Religious Congregation Letter Revised 3/12/2021


March 12, 2021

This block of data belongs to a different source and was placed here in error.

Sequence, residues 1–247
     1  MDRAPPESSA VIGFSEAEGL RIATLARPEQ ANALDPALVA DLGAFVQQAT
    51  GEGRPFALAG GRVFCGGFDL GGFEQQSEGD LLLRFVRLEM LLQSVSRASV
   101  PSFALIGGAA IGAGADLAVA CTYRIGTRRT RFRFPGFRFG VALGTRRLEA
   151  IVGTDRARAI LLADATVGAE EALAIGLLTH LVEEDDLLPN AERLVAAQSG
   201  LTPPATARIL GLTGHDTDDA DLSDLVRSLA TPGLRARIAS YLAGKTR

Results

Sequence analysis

Dear Congregation Leaders, As of March 12, 2021, Religious Leaders should consider the following guidance in response to the ongoing COVID pandemic. Most of the recommendations from November continue to apply. Although COVID infection rates and fatalities have dropped since their peak earlier in the winter, our current case rates are comparable to those in late November. This past week 135 cases were diagnosed in Calvert County and 8 of our residents died of COVID-related complications in the past 3 weeks. Those 60 and older, younger individuals with chronic health conditions, and members of minority races and ethnicities continue to suffer more severe consequences. The greatest change since the previous guidance is related to the availability of vaccinations. At this point, just over half of the seniors in Calvert have received at least their first COVID vaccine dose and nearly 30% have completed their vaccination series. Among all residents, only 1 in 9 have completed their vaccinations. This means the vast majority of your parishioners remain susceptible to illness and can spread COVID. All three of the currently approved vaccines have proven to be extremely effective at preventing serious infection, hospitalization, and death. They have also been very, very safe. It is likely that by mid- to late-April, all seniors will have had the opportunity to receive vaccination. Congregation leaders should encourage their parishioners to get inoculated as soon as the opportunity arises. Vaccination is the most effective way for each person to stay safe at home, work, and in worship with their fellow congregation members. At this time, not enough people have been fully vaccinated and virus transmission rates are not low enough to safely allow a “return to normal”. Although the Governor has lifted restrictions based on Fire Marshal occupancy codes, social distancing and face coverings should continue to be observed. This is particularly important in any indoor setting, but even outdoors, safety precautions should continue as long as COVID transmission rates remain substantial and vaccination access is limited. Evidence continues to demonstrate that airborne transmission is the most common route of COVID spread. Droplets can spread 3-6 feet and aerosol particles can travel significantly greater distances, particularly in indoor settings. While we are awaiting the delivery of more vaccine doses, consistent use of face masks over both mouth and nose are extremely important to reduce aerosolization and droplet dispersion. Anyone with respiratory problems that make it impossible to wear a mask should not attend group activities or services until at least 75% of the population has immunity to COVID. Even if such people have been vaccinated, a 95% reduction in infection risk is not 100%. All changes from earlier guidance are in bold, italic font: 1) Encourage congregants who are at high-risk of COVID complications to continue to worship in their homes (possibly viewing or listening to a live stream or recorded service) if they have not completed their vaccination series. Those who have completed their vaccination series can attend services. However, until there is a more substantial reduction in infection rates, it is very important that everyone wears a proper face covering and social distancing should be practiced by those from different households. People at high-risk include anyone age 60 or older and those with chronic medical conditions including diabetes, long-standing high blood pressure, COPD, kidney disease, sickle cell disease (sickle cell trait is not a high-risk condition), congestive heart failure, a recent history of chemotherapy, and any condition that requires immunosuppressant medications. 2) It is extremely important that word be sent to congregation members that anyone with any illness or anyone with a sick member in their household should not attend service for at least 10 days. Even if a person feels well, they could have contracted COVID from an ill family member and be capable of infecting others. Anyone with travel to areas that put them at higher risk for virus exposure should not attend services for 10-days after return to Calvert. Eating inside restaurants and attending events with large numbers of people are particular concerns. 3) Singing by the congregation or choirs should not take place until vaccination rates are higher and COVID transmission in our community is lower. Once we reach the point when singing does not present a significantly increased risk of virus spread, I will send out a notice. Encouraging congregation members to get vaccinated when their opportunities arise will speed up our collective efforts to return to traditional services. Humming for brief periods may be considered as an alternative. Face masks should be worn at all times. Singing dramatically increases the risk of transmitting COVID. If someone is an asymptomatic carrier of the virus, singing increases the amount of virus they exhale and at least doubles the distance the virus carries through the air. Consideration can be given for soloists to perform if they have completed their vaccination series, but there is still some risk that vaccinated people can spread the virus. Choral singing continues to carry substantial risk of spread. Since vaccination is not 100% effective, having groups of people singing is premature until community transmission rates are lower.